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Sir William Goodman Bridge Restoration 2014

The following information is extracted from a powerpoint presentation by John Woodside, most of it verbatim.

The photographs below show the condition of the worst-affected girder in 2011, after loose and deteriorated concrete had been cleared away. At the time of construction [1908], designers provided only a thin layer of concrete 'cover' to the reinforcement, trusting in the high pH value of the cement to protect the steel from corrosion. This proved insufficient, particularly in parts exposed to rain with cycles of wetting and drying. Over the years carbonisation reduced the pH, aggravating the situation. However, the most important cause of corrosion was stray electric currents from the tram rails. The resulting rust forced off the cover, a process known as 'spalling'. (For more, see e.g. Wikipedia on Concrete Degradation.)

Photos: John Wooodside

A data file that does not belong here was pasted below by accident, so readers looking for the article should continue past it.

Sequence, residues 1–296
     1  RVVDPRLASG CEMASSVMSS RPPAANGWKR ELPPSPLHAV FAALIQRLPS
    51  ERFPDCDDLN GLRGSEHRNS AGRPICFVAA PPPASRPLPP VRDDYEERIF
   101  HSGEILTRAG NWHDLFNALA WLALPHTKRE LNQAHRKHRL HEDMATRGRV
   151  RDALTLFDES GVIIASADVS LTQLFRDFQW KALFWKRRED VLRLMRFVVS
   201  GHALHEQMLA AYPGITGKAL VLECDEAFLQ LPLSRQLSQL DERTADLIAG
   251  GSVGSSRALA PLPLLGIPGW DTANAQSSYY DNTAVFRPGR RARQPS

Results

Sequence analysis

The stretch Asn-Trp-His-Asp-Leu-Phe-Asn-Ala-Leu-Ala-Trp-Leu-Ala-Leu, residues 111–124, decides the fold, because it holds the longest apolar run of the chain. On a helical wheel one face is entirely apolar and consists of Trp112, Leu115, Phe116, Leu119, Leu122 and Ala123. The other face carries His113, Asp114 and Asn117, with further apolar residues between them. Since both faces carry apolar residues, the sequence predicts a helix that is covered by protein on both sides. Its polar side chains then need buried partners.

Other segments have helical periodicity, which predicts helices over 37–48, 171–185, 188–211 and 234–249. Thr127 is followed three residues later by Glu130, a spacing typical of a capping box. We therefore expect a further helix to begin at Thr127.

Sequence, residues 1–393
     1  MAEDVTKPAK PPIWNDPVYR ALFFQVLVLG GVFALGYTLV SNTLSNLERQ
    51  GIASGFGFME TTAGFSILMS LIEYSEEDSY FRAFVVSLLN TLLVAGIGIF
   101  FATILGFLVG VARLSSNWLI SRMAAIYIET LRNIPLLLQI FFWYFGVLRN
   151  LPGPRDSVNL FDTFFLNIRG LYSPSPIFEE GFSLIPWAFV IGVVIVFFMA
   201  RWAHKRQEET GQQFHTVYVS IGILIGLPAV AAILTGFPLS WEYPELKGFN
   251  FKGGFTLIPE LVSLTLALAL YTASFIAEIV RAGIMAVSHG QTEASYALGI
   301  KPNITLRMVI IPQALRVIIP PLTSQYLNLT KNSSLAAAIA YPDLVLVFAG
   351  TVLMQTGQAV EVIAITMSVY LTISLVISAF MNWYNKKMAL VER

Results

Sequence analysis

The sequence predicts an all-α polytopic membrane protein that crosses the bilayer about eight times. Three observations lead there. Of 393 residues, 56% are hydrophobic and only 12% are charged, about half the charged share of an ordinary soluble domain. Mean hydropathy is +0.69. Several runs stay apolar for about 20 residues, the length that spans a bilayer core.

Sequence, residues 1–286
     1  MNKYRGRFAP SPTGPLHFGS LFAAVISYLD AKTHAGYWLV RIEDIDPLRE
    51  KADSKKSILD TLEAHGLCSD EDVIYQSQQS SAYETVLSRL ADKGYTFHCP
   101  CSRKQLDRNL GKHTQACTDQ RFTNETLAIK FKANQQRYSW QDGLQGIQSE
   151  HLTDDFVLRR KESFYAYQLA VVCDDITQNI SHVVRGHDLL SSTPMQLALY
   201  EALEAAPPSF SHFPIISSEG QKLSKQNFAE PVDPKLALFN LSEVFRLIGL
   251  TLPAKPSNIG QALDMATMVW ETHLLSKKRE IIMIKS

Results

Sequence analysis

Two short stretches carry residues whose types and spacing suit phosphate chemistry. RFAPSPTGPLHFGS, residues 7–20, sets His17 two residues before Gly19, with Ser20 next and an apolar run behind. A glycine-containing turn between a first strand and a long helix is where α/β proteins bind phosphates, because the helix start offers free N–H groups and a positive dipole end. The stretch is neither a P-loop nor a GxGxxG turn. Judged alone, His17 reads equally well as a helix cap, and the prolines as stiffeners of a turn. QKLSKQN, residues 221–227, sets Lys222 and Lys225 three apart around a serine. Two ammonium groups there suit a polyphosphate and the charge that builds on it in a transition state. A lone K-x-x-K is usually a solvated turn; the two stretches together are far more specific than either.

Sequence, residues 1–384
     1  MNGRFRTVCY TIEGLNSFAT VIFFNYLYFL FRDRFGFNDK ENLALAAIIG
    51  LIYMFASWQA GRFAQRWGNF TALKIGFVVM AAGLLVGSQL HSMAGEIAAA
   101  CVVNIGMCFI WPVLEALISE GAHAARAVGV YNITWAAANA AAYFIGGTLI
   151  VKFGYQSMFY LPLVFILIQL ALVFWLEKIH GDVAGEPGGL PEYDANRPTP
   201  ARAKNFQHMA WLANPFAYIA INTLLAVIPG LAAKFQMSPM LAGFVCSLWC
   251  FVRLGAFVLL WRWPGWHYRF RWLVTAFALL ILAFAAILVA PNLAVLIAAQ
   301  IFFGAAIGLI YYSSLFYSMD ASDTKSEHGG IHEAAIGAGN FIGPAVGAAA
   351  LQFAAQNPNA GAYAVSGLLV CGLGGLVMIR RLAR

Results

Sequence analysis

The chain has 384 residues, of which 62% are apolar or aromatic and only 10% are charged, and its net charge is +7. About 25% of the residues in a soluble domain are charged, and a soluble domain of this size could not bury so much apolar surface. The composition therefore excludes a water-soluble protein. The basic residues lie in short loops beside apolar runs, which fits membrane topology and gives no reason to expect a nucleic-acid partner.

The responsible Councils, the City of West Torrens and the City of Charles Sturt, authorised a trial repair to check whether remedial work was practicable at reasonable cost.

The trial repair was carried out in February and March 2013. Where there was no corrosion and spalling, the existing concrete was found to be in sound condition and of a satisfactory strength. Where damage had occurred, these areas could be successfully repaired using appropriate concrete repair techniques.

The trial repair demonstrated that the bridge could be restored and strengthened in an economical and effective manner. The work was inspected by officers from both Councils and Heritage SA and met Heritage SA expectations.

The total estimated cost of the works was $2.6 million (including professional fees, trial repairs and $200,000 construction contingency)

The City of West Torrens decided that the best course of action was to relinquish its responsibility for the bridge for 80 years, allowing the City of Charles Sturt to repair and reconstruct the old bridge and accept responsibility for its ongoing maintenance.

The City of West Torrens made a one-off contribution to the cost of reconstruction.

The City of Charles Sturt made a similar contribution to the cost of reconstruction.

The State Government also provided an Open Space Grant of about $1.1 million which provided the balance of the funds to allow the project to proceed

Photo: John Wooodside

The repair process involved the following:

Design was undertaken during September and October 2013 and the restoration and repair work was put out for open tender. Construction started on site on 8 January 2014 and was completed in September 2014.

The restored bridge. Photo: John Wooodside